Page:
Our study showed a statistically higher incidence of neurological injury in types II and III compared to type I sIUGR, as described by other authors who evaluated brain damage in these groups of fetuses (Chang et al., Reference Chang, Chang, Chao, Lien, Cheng and Chueh2010; Inklaar et al., Reference Inklaar, van Klink, Stolk, van Zwet, Oepkes and Lopriore2014). Although the present research did not propose to evaluate this finding more deeply, one of the current challenges is to establish the onset of neurological impairment of fetuses from sIUGR pregnancies. Researchers have suggested that neurological injury could not occur exclusively in the prenatal period, but soon after birth, related to the iatrogenic early delivery of these pregnancies (Buca et al., Reference Buca, Pagani, Rizzo, Familiari, Flacco, Manzoli, Liberati, Fanfani, Scambia and D’Antonio2017).
Combined outcomes analysis showed a higher incidence of severe morbidities in type II sIUGR. The results of the present study support the hypothesis that MCDA twins affected by type I sIUGR have fewer perinatal morbidities when compared to types II and III (Ishii et al., Reference Ishii, Osaka, Murakoshi, Takahashi, Shinno, Matsushita, Naruse, Torii, Sumie and Nakata2009; Lewi et al., Reference Lewi, Mieke, Blickstein, Jani, Huber, Hecher, Dymarkowski, Gratacós, Lewi and Deprest2007; Towsend & Khalil, Reference Townsend and Khalil2016). In contrast to a previous report by Cruz-Lemini et al. (Reference Cruz-Lemini, Crispi, Van Mieghem, Pedraza, Cruz-Martinez, Acosta-Rojas, Figueras, Parra-Cordero, Deprest and Gratacós2012), it was not possible to explore the association between extreme preterm birth and severe neonatal outcome due to its absence in type I twins. In our study, isolated oligohydramnios and diagnosis before 22 gestational weeks were found to be significant independent predictors for the occurrence of unfavorable outcomes in sIUGR twins. Despite the authors’ choice to reclassify pregnancies through the Delphi consensus, perinatal outcomes were not affected, since all pregnancies included in this study met the anterior criteria of the smaller twin having an EFW of <10th percentile.
The natural history of sIUGR MC pregnancies has not yet been fully elucidated in the literature, and there is little evidence regarding the proper management of these pregnancies. There are important differences in mortality and neurological morbidity rates reported in different studies. This probably occurs not only due to the management outlined by individual characteristics but also due to the timing of delivery (Weisz et al., Reference Weisz, Hogen, Yinon, Gindes, Shrim, Simchen, Schiff and Lipitz2011). Our study was not designed to address intrauterine fetal therapy, such as cord occlusion or laser coagulation of placental anastomoses. Despite being a reasonable option before viability, fetal intervention was rarely performed in our hospitals for sIUGR, and those cases were excluded from our analysis. Brazil’s legal barriers play an additional role in the option for noninvasive management, since termination of pregnancy is only allowed in cases of anencephaly, rape and risk of maternal death. Other cases with severe fetal impairment must undergo judicial authorization. Another partial impediment that has to be considered is the greater technical difficulty and higher complication rate of laser fetoscopy in sIUGR compared to TTTS (Bennasar et al., Reference Bennasar, Eixarch, Martinez and Gratacós2017).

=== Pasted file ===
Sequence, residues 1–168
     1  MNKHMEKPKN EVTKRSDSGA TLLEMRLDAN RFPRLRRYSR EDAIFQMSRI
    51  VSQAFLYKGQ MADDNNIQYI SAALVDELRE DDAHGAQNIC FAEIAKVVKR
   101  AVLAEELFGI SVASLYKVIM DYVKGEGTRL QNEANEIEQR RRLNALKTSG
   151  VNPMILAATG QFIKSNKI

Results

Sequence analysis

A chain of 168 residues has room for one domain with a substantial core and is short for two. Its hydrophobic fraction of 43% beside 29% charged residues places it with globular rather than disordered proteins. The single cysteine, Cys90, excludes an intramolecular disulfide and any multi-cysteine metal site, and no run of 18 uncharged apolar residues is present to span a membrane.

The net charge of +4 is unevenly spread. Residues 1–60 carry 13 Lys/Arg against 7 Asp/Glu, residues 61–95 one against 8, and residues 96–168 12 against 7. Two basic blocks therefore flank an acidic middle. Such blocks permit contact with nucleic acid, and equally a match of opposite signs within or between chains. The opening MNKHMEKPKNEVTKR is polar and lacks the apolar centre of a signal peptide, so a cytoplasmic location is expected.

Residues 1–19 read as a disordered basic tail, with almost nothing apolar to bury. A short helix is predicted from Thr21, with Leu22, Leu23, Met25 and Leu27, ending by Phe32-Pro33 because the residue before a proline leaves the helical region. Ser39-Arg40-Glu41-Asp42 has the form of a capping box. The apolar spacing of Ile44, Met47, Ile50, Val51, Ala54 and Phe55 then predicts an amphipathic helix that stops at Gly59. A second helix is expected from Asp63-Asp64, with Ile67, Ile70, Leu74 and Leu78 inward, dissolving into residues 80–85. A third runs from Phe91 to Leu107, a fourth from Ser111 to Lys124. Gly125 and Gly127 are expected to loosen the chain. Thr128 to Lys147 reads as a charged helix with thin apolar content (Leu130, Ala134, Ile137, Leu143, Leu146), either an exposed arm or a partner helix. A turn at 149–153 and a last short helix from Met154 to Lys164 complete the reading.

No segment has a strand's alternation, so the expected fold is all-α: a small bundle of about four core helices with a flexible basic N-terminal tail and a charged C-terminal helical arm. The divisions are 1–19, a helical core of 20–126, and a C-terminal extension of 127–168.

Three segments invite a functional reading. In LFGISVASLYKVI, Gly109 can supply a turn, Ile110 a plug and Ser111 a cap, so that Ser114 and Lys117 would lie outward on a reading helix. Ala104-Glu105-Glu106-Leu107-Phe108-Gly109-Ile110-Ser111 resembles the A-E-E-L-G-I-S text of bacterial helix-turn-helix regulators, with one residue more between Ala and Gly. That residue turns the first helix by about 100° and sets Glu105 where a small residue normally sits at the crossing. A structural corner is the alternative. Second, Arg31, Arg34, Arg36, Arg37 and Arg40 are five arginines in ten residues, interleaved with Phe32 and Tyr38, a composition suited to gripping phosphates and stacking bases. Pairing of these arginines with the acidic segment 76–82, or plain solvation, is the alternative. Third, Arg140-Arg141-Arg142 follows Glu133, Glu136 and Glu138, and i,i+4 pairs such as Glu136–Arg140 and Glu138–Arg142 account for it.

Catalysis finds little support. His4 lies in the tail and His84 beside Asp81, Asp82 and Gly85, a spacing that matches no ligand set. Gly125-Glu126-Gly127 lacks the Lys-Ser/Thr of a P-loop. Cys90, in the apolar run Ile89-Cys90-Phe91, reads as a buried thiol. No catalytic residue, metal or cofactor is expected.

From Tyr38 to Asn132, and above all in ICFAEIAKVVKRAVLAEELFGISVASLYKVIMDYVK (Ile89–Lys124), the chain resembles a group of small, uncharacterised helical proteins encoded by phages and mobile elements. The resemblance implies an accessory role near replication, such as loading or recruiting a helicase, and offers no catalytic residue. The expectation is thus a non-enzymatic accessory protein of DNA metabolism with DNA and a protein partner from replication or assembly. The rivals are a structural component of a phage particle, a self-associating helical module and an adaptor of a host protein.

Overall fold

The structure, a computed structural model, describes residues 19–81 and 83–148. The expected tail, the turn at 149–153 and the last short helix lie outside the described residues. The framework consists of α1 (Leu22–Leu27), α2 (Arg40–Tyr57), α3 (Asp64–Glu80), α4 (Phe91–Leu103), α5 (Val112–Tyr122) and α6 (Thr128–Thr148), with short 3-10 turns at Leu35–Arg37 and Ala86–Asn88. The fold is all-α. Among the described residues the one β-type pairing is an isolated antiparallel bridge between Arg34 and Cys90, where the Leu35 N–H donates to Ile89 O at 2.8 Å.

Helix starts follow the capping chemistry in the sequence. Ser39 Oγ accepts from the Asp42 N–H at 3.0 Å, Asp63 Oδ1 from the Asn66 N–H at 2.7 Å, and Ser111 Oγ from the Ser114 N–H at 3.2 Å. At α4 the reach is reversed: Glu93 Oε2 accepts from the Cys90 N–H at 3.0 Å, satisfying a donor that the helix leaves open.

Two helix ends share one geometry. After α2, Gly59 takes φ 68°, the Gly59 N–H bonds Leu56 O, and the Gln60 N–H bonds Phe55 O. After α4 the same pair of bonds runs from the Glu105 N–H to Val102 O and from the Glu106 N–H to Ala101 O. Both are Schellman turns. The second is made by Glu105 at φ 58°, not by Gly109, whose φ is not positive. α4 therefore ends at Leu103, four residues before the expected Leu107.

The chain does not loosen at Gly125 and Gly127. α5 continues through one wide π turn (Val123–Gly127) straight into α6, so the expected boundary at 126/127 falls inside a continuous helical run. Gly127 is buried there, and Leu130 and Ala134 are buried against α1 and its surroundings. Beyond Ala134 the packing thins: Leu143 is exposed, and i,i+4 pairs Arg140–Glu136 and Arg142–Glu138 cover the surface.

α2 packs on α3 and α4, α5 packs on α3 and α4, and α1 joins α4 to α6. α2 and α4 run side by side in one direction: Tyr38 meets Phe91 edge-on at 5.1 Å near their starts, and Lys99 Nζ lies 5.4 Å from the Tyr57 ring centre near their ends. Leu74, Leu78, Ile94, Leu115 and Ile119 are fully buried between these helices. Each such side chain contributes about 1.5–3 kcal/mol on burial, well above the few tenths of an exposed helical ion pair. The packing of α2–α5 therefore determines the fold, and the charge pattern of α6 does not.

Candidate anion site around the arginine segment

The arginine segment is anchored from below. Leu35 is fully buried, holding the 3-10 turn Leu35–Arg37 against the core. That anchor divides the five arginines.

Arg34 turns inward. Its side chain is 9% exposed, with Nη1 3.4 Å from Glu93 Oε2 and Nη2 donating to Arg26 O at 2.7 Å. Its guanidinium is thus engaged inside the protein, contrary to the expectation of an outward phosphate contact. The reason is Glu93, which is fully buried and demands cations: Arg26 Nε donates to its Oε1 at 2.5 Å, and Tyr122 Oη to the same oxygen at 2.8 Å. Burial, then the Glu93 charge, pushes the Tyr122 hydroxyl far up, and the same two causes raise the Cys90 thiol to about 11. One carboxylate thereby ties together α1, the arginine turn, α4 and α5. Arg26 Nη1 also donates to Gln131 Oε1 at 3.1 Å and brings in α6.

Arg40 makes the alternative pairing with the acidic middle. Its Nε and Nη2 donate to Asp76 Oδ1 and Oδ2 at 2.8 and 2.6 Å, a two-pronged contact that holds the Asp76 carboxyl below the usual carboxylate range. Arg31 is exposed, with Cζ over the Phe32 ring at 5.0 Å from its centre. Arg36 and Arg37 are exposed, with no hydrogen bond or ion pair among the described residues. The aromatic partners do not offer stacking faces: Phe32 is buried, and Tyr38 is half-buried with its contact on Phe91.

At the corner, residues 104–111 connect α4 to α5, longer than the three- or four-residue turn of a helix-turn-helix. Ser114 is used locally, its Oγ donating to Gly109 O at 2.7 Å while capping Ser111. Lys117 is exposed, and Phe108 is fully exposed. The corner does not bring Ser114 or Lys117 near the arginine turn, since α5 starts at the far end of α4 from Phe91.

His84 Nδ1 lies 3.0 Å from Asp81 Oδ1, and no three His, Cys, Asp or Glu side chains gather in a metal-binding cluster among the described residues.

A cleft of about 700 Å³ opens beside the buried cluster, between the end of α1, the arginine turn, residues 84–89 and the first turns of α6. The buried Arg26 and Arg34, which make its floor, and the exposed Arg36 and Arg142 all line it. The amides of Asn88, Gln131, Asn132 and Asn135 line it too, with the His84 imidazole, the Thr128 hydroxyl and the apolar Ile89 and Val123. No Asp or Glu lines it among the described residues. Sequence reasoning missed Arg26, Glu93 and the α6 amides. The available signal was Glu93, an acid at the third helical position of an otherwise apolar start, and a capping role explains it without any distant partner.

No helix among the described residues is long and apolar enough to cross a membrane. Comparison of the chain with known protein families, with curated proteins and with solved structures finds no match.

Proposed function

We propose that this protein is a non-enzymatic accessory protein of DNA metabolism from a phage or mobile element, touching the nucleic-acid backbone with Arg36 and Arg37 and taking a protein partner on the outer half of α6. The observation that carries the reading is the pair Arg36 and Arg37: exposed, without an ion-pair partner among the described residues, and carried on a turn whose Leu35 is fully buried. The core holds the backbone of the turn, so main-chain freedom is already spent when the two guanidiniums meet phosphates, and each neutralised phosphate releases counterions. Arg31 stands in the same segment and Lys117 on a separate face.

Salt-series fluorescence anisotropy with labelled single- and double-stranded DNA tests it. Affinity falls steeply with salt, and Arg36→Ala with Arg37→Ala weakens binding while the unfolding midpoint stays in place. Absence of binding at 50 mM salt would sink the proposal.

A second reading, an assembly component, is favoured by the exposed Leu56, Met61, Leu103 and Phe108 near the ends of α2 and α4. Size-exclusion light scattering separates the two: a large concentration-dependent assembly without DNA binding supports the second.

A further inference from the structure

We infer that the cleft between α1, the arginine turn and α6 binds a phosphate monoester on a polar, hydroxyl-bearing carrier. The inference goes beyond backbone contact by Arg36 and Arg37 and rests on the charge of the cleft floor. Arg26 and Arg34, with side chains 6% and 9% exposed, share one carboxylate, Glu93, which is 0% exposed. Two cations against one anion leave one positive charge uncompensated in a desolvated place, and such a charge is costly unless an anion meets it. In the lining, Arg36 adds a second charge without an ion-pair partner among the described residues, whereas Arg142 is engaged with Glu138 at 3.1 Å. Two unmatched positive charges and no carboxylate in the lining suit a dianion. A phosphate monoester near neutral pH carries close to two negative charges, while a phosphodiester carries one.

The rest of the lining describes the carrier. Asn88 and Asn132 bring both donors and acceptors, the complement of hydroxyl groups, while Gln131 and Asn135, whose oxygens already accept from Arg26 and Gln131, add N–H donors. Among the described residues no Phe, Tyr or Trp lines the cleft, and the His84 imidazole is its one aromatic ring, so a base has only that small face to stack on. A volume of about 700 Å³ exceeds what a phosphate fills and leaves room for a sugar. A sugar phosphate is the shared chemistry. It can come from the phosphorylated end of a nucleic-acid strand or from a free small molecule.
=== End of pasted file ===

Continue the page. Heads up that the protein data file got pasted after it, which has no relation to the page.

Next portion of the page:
The main methodological weaknesses of this study are its retrospective design and small sample size. Subanalysis of the sIUGR twins of types II and III might have been affected by the small number of included cases, precluding objective risk stratiﬁcation of perinatal death and neurological injury. In conclusion, the study of sIUGR outcomes is challenging, mainly due to the lack of a standard definition before specialist consensus (Khalil et al., Reference Khalil, Beune, Hecher, Wynia, Ganzevoort, Reed, Lewi, Oepkes, Gratacos, Thilaganathan and Gordijn2019). Most studies are also retrospective, nonrandomized and made with small samples. Despite the challenges in conducting scientific research in a developing country, which include late diagnosis, heterogeneity in clinical practice and legal barriers, our findings highlight lower morbidity related to type I fetuses and enhance the understanding of the perinatal morbidity of MCDA twin pregnancies with sIUGR, supporting the existing data. In terms of future research, further larger, randomized and prospective trials are warranted to determine neurological impairment and guide the optimal management of these pregnancies.
We would like to thank our participants for making this study possible.
This research was supported by the authors.
Conflict of interest
The authors assert that this study was presented to the IFF/Fiocruz’ Ethics Committee on Research and approved under the number 10103419.2.0000.5269, in accordance with National Health Council resolution 466/12.